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Identification vs. Categorization among Latinos

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  • multiracialbookclub
    Identification vs. Categorization and some Latinos-of-color. If you have populations that need certain remedies, what do you do to `identify them? asked
    Message 1 of 1 , Dec 5, 2006
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      Identification vs. Categorization
      and some Latinos-of-color

      "If you have populations that need certain remedies,
      what do you do to `identify' them?" asked William A.
      Darity, director of the Institute of
      African American
      Research at the University of North Carolina .

      Self-identification is the only way, he said,
      "while being careful that how they are seen
      by others can be quite different from the way
      they label themselves - and that may be more
      important in the kind of social treatment they face."

      Some "
      black" Latinos say that how others perceive
      them has an effect on how they identify themselves.

      Maria Perez-Brown, 41, a Puerto Rican television
      producer and entertainment lawyer in New York ,
      is the daughter of a dark-skinned Puerto Rican
      mother and a White Puerto Rican father.

      She marked "Hispanic" and "
      black" on the census form.

      "A lot of times society makes that decision for you," she said.
      "The way American culture works, you select one or the other.
      If you're brown-skinned and you say you're White,
      you're going to grow up with a lot of conflict."

      But self-identification [should] also be a personal choice.

      Nina Paulino, 42, a Dominican … in New York … is blue-eyed
      and olive-skinned but said she identifies herself as a "
      black" Latina
      --as a political statement -- to honor her father's side of the family.

      "I had never given respect to that side of me"
      while growing up in the Dominican Republic , she said.

      Almost half the Latinos responding in the census - 47.9 percent -
      identified themselves as White, even though many
      Americans might not see some of them that way.

      In Latin America, by contrast, the concept of race tends to be more
      elastic, said Roberto Suro, the director of the Pew Hispanic Center .

      It often starts out from a baseline of Mixed heritage
      --- rather than one that is purely Black or White.

      "In the Caribbean we're White, but in this country we would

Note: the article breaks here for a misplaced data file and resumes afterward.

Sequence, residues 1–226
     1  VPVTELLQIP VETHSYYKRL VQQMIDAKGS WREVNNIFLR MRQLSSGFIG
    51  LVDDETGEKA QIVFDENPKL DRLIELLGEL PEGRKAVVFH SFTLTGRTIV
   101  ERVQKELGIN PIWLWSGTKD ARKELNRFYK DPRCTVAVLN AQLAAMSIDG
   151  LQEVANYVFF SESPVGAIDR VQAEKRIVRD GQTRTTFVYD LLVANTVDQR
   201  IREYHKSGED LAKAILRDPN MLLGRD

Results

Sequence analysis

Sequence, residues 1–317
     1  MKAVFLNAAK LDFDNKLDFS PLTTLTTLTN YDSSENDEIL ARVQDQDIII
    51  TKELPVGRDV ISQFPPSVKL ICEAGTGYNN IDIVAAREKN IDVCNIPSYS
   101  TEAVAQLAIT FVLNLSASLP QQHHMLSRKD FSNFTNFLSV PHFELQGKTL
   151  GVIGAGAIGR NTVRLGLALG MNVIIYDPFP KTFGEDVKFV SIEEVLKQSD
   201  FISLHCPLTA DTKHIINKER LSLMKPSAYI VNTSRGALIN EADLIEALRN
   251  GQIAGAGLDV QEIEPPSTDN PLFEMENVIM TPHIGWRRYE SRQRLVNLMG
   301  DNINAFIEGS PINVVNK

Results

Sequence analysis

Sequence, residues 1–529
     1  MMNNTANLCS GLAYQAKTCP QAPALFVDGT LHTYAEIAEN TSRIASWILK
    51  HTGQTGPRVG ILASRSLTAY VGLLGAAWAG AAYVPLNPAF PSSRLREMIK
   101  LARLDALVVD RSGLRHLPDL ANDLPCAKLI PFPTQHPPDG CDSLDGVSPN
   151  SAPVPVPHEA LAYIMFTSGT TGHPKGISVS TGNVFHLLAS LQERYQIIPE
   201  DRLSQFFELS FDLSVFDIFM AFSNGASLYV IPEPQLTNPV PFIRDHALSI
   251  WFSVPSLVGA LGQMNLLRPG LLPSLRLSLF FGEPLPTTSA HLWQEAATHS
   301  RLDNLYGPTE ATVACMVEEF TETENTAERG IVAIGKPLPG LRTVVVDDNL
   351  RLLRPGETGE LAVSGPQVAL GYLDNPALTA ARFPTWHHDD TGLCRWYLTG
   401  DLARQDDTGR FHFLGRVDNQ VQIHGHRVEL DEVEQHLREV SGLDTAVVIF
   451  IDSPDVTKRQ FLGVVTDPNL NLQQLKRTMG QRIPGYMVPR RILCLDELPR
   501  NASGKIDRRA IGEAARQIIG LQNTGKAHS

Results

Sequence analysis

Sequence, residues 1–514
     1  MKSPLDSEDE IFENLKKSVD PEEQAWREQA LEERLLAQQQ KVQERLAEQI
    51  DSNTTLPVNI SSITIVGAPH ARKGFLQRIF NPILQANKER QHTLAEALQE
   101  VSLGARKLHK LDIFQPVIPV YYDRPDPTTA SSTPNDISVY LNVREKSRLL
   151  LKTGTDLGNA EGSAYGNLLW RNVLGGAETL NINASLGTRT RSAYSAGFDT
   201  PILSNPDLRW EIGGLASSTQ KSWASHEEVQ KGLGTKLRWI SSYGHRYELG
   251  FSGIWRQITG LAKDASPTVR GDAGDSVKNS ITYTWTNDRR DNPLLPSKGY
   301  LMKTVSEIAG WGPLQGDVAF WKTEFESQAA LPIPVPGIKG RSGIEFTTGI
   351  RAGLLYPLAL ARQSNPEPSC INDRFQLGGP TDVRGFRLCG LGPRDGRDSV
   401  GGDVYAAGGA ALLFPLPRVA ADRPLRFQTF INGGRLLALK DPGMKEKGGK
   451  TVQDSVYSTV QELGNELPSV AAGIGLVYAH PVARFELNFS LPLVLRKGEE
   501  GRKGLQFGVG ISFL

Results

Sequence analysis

be "
      black"," said Neyda Martinez, Fernando Ramirez's
      fiancée, who was born in Chicago to Puerto Rican parents.

      She is dark-skinned, with long wavy hair, and is
      often regarded as Indian in Puerto Rico but is
      more accurately Mulatto, a Mix of Black and White.

      … Ms. Martinez, who identifies herself as a "black" Latina .[says]
      "It's a very personal thing how people identify themselves.
      You can't go by skin color."…

      Will Jones, a 26-year-old "
      black" Latino of Panamanian descent …
      said he has moved comfortably in the Hispanic and
      worlds because he sees himself as belonging to both ...

      Ms. Perez-Brown, who grew up in the East New York section of
      Brooklyn, said that when she attended Yale University there
      was a division between the Puerto Ricans from the island -
      "rich and blonde," she said - and "mainlanders" like her … [who are]
      more in tune with
      African-Americans from the same background.

      "It was a class issue, but class and
      race became commingled," she said.
      "I made a conscious decision to hang out
      with "
      blacks" rather than the Latin Americans."

      These days, Ms. Perez-Brown is busy trying to pick the right skin
      tone for Kaelyn, the lead character in an animated series she is
      creating for Nickelodeon that features preschool superheroes.
      The character's parents are Puerto Rican and African-American,
      ----like Ms. Perez-Brown and her husband …
      Ms. Perez-Brown was leaning toward making
      Kaelyn a medium brown, not unlike herself.

      While a marketing team may look at the character's coloring
      as something that will help determine its commercial success
      as a toy, Ms. Perez-Brown said, she has other priorities in mind.

      "I want "
      black" and Puerto Rican girls to
      be able to say, `That's me,' " she said.
      "And `that's me' because of … the way she looks."

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